Ms. Amanda Waller, Community Partner Support Committee chair, said that Tuscaloosa’s One Place recently distributed a survey to non-profits throughout Alabama to try to figure out how to increase partnerships between universities and nonprofits. She reported that they have received some completed surveys and that she and her team are trying to move forward with a plan utilizing the results.

Updates from the Center for Community-Based Partnerships followed.

Dr. Beverly Hawk spoke to the Council about UA’s Fulbright Scholarship status. Hawk announced that UA has 13 winners for 2017–2018, with the status of three additional applicants pending. She shared that Capstone International will have a Fulbright Day Tuesday, April 11, featuring events for both students and faculty, and that details are available on the Crimson Calendar.

Emphasizing the benefits of a Fulbright Scholarship, Hawk reminded those in attendance that these students have the opportunity to travel overseas, to receive a stipend, and to have their federal student loans frozen during this time. Additionally, she said that most graduate programs will also give them a year’s leave if they wish to participate in Fulbright. She welcomes all applicants who may be interested in obtaining a Fulbright Scholarship in one of the 150 participating countries.

Dr. Jim McLean, CCBP executive director, reported to the Council on the 2016–2017 Grants and Sustainability workshop, from which there were well over $100 million dollars worth of proposals sent out and more than $1 million dollars of proposals already funded.

McLean announced that the workshop has been approved for 2017–2018 and will begin Thursday, Aug. 17 and Friday, Aug. 18 with a class covering government grants and corporate foundation grants. The series of three courses taught during the academic year will focus on evaluating grants within quality circles, doing the team-building required to make grants successful, and fundraising and the sustainability it takes to keep a grant moving forward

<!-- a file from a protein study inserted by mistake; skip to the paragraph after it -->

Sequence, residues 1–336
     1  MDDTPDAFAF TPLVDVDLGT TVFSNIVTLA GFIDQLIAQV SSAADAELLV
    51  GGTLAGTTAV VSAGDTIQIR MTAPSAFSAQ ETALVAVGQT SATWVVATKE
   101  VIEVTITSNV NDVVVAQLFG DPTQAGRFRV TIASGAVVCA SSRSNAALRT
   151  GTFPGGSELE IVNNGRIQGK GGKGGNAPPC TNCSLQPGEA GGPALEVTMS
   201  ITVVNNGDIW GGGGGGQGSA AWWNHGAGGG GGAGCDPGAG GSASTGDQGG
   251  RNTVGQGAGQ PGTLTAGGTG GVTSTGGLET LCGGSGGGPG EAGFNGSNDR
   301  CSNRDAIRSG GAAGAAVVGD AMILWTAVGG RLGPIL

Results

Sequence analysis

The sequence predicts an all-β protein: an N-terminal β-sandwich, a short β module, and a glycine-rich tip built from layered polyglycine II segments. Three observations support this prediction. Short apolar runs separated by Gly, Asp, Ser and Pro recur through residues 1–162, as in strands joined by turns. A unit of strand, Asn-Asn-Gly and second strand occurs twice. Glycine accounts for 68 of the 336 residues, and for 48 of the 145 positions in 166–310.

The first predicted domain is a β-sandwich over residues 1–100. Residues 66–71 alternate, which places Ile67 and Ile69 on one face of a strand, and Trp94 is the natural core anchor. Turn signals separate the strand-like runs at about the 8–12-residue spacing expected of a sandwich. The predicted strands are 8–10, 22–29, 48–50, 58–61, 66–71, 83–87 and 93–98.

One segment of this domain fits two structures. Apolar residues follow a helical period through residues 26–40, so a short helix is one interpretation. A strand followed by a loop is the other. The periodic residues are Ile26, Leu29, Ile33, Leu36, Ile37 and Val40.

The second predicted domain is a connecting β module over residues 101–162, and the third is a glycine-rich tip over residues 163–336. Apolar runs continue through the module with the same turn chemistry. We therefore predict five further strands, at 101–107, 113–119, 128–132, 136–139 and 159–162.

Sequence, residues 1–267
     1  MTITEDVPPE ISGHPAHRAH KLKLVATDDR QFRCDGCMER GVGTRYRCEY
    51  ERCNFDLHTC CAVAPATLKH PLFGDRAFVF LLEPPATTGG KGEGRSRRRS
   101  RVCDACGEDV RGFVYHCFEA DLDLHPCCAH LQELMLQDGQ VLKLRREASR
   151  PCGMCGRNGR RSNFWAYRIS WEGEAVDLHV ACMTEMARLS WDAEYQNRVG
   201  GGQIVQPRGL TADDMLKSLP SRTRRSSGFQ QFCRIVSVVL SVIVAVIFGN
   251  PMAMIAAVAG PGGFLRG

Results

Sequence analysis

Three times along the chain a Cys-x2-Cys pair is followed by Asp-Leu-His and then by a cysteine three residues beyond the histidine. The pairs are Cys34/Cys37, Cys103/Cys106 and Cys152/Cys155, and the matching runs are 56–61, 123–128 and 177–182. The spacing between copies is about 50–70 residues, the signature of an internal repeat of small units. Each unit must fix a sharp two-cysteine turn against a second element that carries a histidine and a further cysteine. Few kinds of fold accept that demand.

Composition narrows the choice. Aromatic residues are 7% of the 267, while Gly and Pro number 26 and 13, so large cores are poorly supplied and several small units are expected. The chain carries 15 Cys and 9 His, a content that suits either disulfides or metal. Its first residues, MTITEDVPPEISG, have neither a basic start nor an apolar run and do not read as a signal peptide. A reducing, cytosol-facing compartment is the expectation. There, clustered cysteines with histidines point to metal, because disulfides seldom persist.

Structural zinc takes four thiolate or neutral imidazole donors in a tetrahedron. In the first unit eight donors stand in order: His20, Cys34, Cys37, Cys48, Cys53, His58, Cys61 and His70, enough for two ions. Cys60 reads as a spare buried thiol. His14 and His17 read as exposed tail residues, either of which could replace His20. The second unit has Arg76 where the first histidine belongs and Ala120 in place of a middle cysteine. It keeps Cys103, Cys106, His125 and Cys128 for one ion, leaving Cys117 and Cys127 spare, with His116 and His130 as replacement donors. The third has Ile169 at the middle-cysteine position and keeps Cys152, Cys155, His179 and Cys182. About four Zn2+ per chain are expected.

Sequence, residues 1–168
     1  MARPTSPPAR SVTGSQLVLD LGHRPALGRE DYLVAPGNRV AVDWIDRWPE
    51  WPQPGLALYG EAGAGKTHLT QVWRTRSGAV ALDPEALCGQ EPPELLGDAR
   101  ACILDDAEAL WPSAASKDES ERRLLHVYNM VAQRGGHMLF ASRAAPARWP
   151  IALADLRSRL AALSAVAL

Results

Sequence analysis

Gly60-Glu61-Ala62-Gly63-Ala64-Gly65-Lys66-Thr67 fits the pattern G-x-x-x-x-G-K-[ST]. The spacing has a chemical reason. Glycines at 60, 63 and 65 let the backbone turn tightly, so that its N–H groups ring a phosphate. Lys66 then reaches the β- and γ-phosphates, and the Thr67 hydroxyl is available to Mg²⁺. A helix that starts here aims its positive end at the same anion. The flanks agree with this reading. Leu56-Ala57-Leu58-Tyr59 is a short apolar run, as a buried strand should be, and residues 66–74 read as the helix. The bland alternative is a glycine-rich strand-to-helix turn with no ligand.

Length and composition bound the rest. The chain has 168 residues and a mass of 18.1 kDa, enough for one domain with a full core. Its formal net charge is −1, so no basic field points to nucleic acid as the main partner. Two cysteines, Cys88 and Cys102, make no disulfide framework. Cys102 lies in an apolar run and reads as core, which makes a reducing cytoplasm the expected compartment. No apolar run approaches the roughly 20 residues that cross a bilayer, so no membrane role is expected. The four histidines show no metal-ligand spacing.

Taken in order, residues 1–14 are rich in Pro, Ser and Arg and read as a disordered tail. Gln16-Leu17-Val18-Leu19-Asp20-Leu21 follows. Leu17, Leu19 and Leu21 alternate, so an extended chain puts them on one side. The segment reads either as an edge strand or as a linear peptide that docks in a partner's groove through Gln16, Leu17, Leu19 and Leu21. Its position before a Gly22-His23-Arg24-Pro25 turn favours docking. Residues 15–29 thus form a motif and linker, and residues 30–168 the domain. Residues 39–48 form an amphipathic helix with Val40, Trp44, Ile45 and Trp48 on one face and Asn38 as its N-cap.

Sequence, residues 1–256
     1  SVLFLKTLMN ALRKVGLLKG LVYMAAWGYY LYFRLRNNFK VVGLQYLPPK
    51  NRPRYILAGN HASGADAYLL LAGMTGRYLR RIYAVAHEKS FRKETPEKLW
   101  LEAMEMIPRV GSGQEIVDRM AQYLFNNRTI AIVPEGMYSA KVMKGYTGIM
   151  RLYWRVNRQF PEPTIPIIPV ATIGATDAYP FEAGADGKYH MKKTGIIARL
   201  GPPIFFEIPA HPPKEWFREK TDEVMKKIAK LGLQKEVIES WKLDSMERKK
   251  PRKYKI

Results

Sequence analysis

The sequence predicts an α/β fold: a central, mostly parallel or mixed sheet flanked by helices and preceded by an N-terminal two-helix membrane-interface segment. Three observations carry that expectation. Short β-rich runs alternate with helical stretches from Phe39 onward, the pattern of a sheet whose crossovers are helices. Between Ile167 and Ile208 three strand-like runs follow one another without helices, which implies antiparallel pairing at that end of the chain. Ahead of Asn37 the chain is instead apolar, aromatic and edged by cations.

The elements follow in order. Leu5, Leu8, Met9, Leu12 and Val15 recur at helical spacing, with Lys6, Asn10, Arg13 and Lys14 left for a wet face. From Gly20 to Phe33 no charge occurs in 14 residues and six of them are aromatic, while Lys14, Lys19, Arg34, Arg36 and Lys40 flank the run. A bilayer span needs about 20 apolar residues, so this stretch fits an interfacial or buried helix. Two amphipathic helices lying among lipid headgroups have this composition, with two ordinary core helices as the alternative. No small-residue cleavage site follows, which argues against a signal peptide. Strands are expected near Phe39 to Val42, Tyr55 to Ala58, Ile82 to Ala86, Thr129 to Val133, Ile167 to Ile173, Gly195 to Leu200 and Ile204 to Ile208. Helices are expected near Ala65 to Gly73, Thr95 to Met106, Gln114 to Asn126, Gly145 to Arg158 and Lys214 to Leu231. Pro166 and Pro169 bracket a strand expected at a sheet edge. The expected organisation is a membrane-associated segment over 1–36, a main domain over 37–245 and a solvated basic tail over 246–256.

This class will be accepting from six to eight teams, plus individuals as space permits. There is a requirement to have one community partner and one university partner as your team leaders, and the final date for applications will be Friday, April 28. David G. Bauer will again lead these workshops. McLean encouraged those who know of interested individuals to contact him.

Reports on engagement scholarship in action followed.

Ms. Lane McLelland, director of the Crossroads Community Engagement Center, spoke to the Council about some of the efforts the Center initiates to create positive interactions among diverse individuals and groups.

During the past several years, she said, as people come to campus from many different paths, at times they simply don’t know how to interact with one another. The Center is utilizing programs that focus on communication, trust-building and relationship-building to help create positive interactions that promote people from different backgrounds coming together. Community service provides an opportunity that supports what they are doing, as does an interfaith soccer team. She stressed that following these types of activities, participants sit down to enjoy a meal together, where they can relax and talk to one another.

Additionally, the Center has created a Sustained Dialogue course that is modeled after the International Sustained Dialogue Institute. Student moderators are trained one day of the week, and then on Thursday of each week, they moderate a dialogue and discuss issues such as gender, LGBTQ, and non-binary discussions. Toward the end of the semester, they move into race issues. Through this course, they are learning together what works for building relationships to deal with hard topics around campus. The Center tries to support any groups who bring awareness of different cultural experiences to campus.

Another initiative of the Center is the Practicing Inclusive Engagement (PIE) workshops. During these workshops, facilitators do not take any presentations or handouts into the room. They just begin with games that work to engage who the participants are. They point out that there are different social identities throughout the room. They talk about intention vs. impact and focus on how to ask questions that promote understanding in dialogue, rather than just arguing with one another. The workshops can be tailored in topic and length to accommodate different groups, and their popularity is growing across campus and beyond. Each year, the Center teaches a class for resident assistants. Additionally, they work with Honors College mentors throughout each semester. They have even taken the workshops on the road to UAB, where they did a workshop for medical professors, and to First United Methodist of Birmingham, where they worked with that church to help members with the work they do in the community.